Parker Earnest of Denver Colorado is an anthropologist and peace and conflict expert. He received his undergraduate degree from Fort Lewis College in Durango, Colorado, USA. Due to his deep passion for seeing children with special learning needs achieve their academic goals, he decided to pursue a career in the education sector as a Montessori elementary teacher.
He even enrolled at the Metropolitan State University of Denver, Colorado, to pursue a Master of Art in Special Education. In a bid to sharpen his Montessori teaching skills, he enrolled at Montessori Education Center of the Rockies, Boulder, CO, in 2020 for an AMS Montessori Licensure program. Upon completing the program, he obtained an elementary accreditation to teach lower and upper elementary students in any AMS credentialed school.
Parker Earnest is a staunch advocate of the Montessori method. He started his teaching career as a paraprofessional in 2015 at Manual High School, a low-income public school in Denver, Colorado. His primary role was to collaborate with teachers to modify and accommodate lessons for special education students. He also helped teachers with classroom management and academic support besides providing personalized assistance to general education and special education students.
In July 2016, Parker joined Denver Center for International Studies at Montbello as a Special Education Teacher. During his tenure at the institution, he worked with ninth and tenth-grade students diagnosed with specific learning disabilities. He also served as a case manager for 30 students. His tasks included writing Individualized Education Programs (IEPs), communicating with parents, and collaborating with general education teachers to discuss students’ needs and challenges.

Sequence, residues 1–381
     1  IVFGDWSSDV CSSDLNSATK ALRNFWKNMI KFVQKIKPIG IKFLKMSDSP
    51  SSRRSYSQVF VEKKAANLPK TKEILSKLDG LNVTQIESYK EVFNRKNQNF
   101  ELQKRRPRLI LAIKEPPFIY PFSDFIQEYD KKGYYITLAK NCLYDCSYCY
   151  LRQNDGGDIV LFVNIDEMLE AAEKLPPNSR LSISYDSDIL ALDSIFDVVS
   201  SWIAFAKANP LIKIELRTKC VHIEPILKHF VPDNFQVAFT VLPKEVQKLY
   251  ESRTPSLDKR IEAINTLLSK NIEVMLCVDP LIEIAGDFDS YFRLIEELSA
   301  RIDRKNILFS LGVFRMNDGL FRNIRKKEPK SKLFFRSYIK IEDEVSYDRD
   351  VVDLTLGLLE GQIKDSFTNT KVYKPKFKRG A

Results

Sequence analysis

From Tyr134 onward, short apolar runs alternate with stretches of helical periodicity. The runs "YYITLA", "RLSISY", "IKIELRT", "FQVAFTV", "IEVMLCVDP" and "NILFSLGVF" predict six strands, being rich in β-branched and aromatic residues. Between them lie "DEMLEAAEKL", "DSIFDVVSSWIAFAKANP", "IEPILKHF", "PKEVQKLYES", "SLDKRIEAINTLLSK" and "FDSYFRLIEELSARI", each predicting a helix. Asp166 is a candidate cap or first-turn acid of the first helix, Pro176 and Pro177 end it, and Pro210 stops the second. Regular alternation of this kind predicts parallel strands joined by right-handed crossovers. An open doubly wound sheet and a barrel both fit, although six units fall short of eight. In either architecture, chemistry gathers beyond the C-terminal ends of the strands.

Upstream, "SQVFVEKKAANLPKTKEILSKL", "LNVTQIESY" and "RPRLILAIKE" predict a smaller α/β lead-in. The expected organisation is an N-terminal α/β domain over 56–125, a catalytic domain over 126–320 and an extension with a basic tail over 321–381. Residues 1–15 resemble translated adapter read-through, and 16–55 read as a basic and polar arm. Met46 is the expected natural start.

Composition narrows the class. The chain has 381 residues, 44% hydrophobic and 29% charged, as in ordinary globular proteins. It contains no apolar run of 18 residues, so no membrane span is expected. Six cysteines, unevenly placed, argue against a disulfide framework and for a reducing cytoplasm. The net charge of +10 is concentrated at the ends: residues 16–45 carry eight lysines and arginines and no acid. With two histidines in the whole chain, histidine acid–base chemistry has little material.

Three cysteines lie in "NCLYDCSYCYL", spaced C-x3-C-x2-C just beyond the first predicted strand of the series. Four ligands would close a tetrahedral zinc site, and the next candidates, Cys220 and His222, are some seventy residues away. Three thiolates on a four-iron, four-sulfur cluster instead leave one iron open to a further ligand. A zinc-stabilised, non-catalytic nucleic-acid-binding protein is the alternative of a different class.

In August 2018, Parker Earnest started working at Compass Montessori School in Golden, Colorado. Thanks to his dedication to work and diligence, he rose through the ranks from being a Farm School Guide to being part of the institution’s online learning team. He currently teaches fourth, fifth, and sixth graders in language arts, remedial math, civics, anti-racism, and equity lessons.
Parker has more than seven years of experience working with students with diverse learning abilities. One of his recent outstanding achievements is creating an online learning model for 34-45 elementary students.
When Parker is not working with students, he enjoys spending quality time with family and friends, mountain biking, rafting, hiking, and is an avid home cook. He also loves traveling, coaching youth sports, and is a loyal college and professional hockey fan.
What drove you into being an educator?
I have loved education since my childhood days. That, combined with a passion for helping children achieve their goals, made me follow this career path.
Anything you learned from college that has been instrumental to your success?
In college, I studied anthropology, which is the study of humanity and human behavior. With that knowledge, I’ve had an easy time dealing with students from different backgrounds and with various disabilities.
I also engaged in many activities while in college, which helped sharpen my leadership skills. For example, I served as the East Africa Service Project President for two years. With a Certification in Conflict Resolution/Negotiation from the United States Institute of Peace, I can easily handle the day-to-day conflicts experienced in the school environment.
Why the Montessori method and not any other?